Remember when all your local sports team had to worry about was winning games and selling tickets? Now they are also expected to be political activists as well.
Case in point is what is happening in Tampa Bay. As is vogue these days, Confederate statues and memorials are being removed as quickly as ISIS obliterates pieces of history in Syria. And what Confederate memorials and statues still remain on public property are living on borrowed time.
All this takes us to the grounds near the Hillsborough County Courthouse to a statue that was dedicated in 1911 on the 50th anniversary of the Civil War called Memoria in Aeterna. The north-facing side of the memorial shows a young Confederate soldier marching off to war appearing confident; the south-facing side shows a soldier returning from the war, appearing beaten and worse for wear and using his musket as a cane.
For now, at least, but under increasing pressure, the County Commissioners have voted to allow Memoria in Aeterna to stay. This prompted Tampa’s Mayor Bob Buckhorn to declare, “There is no honor in treason, and there is no valor in enslaving people because of their race. That statue represents the worst of humanity, not the Tampa that we aspire to be.” One would caution the Mayor on the treason talk. After all, history is a fine line. A lost battle here or there during the Revolutionary War, and our history books would be describing Washington, Franklin, Jefferson, Adams et al. as traitors.
The Civil War, including the era leading up to it and Reconstruction, is an important and fascinating period of American history where a lot of noble and not so noble things happened on all sides, and the era’s impact still reverberates today. My concern with the current trend of removing all things Confederate is it robs an often ignorant public of any understanding of how others felt about the conflict and its human, tragic dimension. Lincoln’s words in his second inaugural, “With malice to none and charity to all,” helped heal a nation. The current remove-or-else movement seems, at the heart of it, to be driven by malice, the very thing the soon to be martyred Lincoln advocated avoiding.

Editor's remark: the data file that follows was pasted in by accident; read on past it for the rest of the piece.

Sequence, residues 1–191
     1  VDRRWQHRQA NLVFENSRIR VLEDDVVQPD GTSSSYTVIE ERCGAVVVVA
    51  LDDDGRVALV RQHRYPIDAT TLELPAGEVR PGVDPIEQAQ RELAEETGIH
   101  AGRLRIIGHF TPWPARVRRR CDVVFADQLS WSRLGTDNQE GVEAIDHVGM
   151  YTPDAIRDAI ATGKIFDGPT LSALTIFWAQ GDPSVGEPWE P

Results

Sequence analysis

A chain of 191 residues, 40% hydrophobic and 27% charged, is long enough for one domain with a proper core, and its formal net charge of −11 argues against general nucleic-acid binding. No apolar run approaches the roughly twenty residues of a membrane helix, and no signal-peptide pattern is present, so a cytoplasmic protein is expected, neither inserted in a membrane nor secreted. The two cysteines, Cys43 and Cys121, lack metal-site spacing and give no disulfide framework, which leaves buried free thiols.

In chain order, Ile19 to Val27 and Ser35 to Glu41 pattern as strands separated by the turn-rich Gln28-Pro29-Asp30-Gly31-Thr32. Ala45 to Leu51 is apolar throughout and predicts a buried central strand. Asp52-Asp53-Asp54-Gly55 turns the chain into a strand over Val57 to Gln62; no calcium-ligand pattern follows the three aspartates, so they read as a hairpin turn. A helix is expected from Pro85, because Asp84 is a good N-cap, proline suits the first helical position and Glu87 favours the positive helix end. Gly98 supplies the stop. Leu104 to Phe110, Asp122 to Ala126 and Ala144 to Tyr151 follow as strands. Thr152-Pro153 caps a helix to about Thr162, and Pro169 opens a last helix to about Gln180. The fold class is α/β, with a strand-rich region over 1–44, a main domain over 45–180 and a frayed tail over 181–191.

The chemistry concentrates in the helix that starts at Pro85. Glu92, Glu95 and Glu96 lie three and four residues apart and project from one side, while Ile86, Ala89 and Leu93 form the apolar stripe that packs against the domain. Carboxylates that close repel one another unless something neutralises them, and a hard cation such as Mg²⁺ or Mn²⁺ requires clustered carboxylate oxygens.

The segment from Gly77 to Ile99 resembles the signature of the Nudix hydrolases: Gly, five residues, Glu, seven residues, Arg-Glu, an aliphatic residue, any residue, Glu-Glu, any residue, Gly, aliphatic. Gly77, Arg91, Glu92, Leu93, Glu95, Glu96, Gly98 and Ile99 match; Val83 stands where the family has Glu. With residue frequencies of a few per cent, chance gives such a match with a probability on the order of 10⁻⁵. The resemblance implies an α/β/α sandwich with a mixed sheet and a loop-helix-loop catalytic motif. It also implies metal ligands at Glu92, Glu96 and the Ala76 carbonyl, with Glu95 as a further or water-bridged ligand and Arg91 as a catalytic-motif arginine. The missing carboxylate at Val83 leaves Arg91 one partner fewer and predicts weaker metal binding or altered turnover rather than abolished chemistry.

So how and why does this impact the local professional sports teams? One would hope not at all, as all I really want my local sports team to worry about is winning games and entertaining me, the fan. And this, along with maximizing revenue and turning a profit, is really all your local sports team wants to work on also. But in this day and age, liberals demand that all business, including sports teams, be socially responsible, which in their minds mean they must be politically correct.
As you can imagine, demands to get sports teams involved in politics can place them in awkward and pointless situations. For instance, do the Chicago Bears really need to have an articulated position on climate change? Nevertheless, the “hopeless, hysterical hypochondriacs of history,” as Spiro Agnew described the media, dutifully went out to the local sports teams seeking their opinion on the Memoria in Aeterna.
Their opinions were all over the map, and you can envision the teams practically squirming in their seats as they answered. The Tampa Bay Buccaneers have yet to comment. The Tampa Bay Rays took a hard line. “We understand and believe that these decisions belong in the hands of elected officials,” the Rays’ statement said. “At the same time, we are supportive of its removal from the courthouse.” While on the other hand, the Tampa Bay Lightning took a softer tone. “We believe this important decision should rest with the county commissioners that have been elected to represent us and our county.”
No matter what position the teams took, or refused to take, they were forced to offend many of their fans, depending how each individual feels about the situation. I’m sure the teams would rather have not been involved in any of this in the first place. After all, they are just sports teams, not a Congress.
As for me, when it comes to sports teams and memorials, I say leave them both alone.
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